Animals are considered souls according to the Bible “… and every living soul died in the sea” (Revelation 16:3). The Scriptures tell us that like humans, animals receive the breath of God or “spirit” to come alive and then they become souls. Solomon the wisest man states that both man and animals receive the same breath. And he equates the word “breath” of God with the word “spirit”:
“9 Surely the fate of human beings is like that of the animals; the same fate awaits them both: As one dies, so dies the other. All have the same breath; humans have no advantage over animals. Everything is meaningless. 20 All go to the same place; all come from dust, and to dust all return. 21 Who knows if the human spirit rises upward and if the spirit of the animal goes down into the earth?” (Ecc. 3:19,20).
Death, is the lot of people and animals. David says that “man being in honour abideth not: he is like the beasts that perish” (Ps. 49:12). When the breath of life departs from the body of any living creature, it dies (Ecc. 3: 21). However, humans are different than animals in the rewards they receive. For through faith in God, humans will be redeemed from the power of the grave (1 Cor. 15:51–58) and will have eternal life (John 1:16).
The phrase “Who knows whether the spirit of man goes upward?” simply means that human wisdom cannot affirm what happens to the “spirit,” or “breath” of God except that it “shall return unto God” (Ecc. 12:7).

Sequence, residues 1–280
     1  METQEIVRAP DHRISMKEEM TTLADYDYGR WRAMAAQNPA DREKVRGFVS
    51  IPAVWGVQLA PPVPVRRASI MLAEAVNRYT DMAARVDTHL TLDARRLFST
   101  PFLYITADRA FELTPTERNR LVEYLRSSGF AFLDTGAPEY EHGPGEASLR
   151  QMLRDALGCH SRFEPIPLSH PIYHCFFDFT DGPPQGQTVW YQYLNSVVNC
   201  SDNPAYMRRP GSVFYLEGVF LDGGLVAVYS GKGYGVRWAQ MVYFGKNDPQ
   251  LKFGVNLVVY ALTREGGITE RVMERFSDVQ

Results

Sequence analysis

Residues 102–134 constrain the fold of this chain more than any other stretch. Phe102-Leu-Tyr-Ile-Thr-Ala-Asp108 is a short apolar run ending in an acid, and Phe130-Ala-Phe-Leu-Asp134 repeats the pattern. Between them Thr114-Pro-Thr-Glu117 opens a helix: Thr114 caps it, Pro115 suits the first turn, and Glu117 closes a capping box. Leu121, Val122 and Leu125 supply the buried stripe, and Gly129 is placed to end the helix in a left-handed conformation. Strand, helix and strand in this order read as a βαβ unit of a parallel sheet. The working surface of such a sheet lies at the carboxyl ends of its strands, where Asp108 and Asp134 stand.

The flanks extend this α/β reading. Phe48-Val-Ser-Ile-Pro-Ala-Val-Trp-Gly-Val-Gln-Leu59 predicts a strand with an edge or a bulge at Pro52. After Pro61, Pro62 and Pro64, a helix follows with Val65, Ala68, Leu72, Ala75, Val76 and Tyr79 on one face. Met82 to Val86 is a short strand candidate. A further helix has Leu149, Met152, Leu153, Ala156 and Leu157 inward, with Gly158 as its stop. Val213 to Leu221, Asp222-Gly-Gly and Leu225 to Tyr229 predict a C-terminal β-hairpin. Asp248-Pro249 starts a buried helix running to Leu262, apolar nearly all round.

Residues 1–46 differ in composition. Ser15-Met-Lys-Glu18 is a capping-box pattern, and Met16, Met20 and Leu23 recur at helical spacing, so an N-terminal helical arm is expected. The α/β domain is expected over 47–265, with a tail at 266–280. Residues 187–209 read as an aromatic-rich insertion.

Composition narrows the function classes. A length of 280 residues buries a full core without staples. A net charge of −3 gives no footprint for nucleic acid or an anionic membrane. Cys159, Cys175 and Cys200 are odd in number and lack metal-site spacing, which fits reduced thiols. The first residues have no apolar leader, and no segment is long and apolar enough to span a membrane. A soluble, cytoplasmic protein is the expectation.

The word “spirit” (Heb. ruach), or “breath,” means the life principle which does not belong to the physical realm, the realm of flesh, for it is of breath of God and returns to Him (Ecc. 12:7). Man and animal both have a ruach, and the ruach of man is the same as that of the beast.
If, as some claim that the ruach, or “spirit,” of man becomes a disembodied conscious entity at death, the ruach of beasts must also do that. But since the Bible nowhere teaches that at death a disembodied, conscious “spirit” continues to live on, then we can’t claim this for animals. For more on the state of the dead, check the following link:
For this reason Solomon disbelievingly (v. 21) asks who knows or who can prove—that the ruach of man ascends, while that of the beast descends. Solomon knows nothing of such an experience and doubts that anyone else does. And if someone knows then let him prove it.
Thus , we can see that there is distinct difference between the use of ruach to denote the literal breath (Job 9:18; 19:17) and its figurative use denoting the life principle (Gen. 6:17; 7:22), as here. The figurative use of ruach to mean “life” is similar to the figurative use of “blood” (Gen. 4:10; 9:4).
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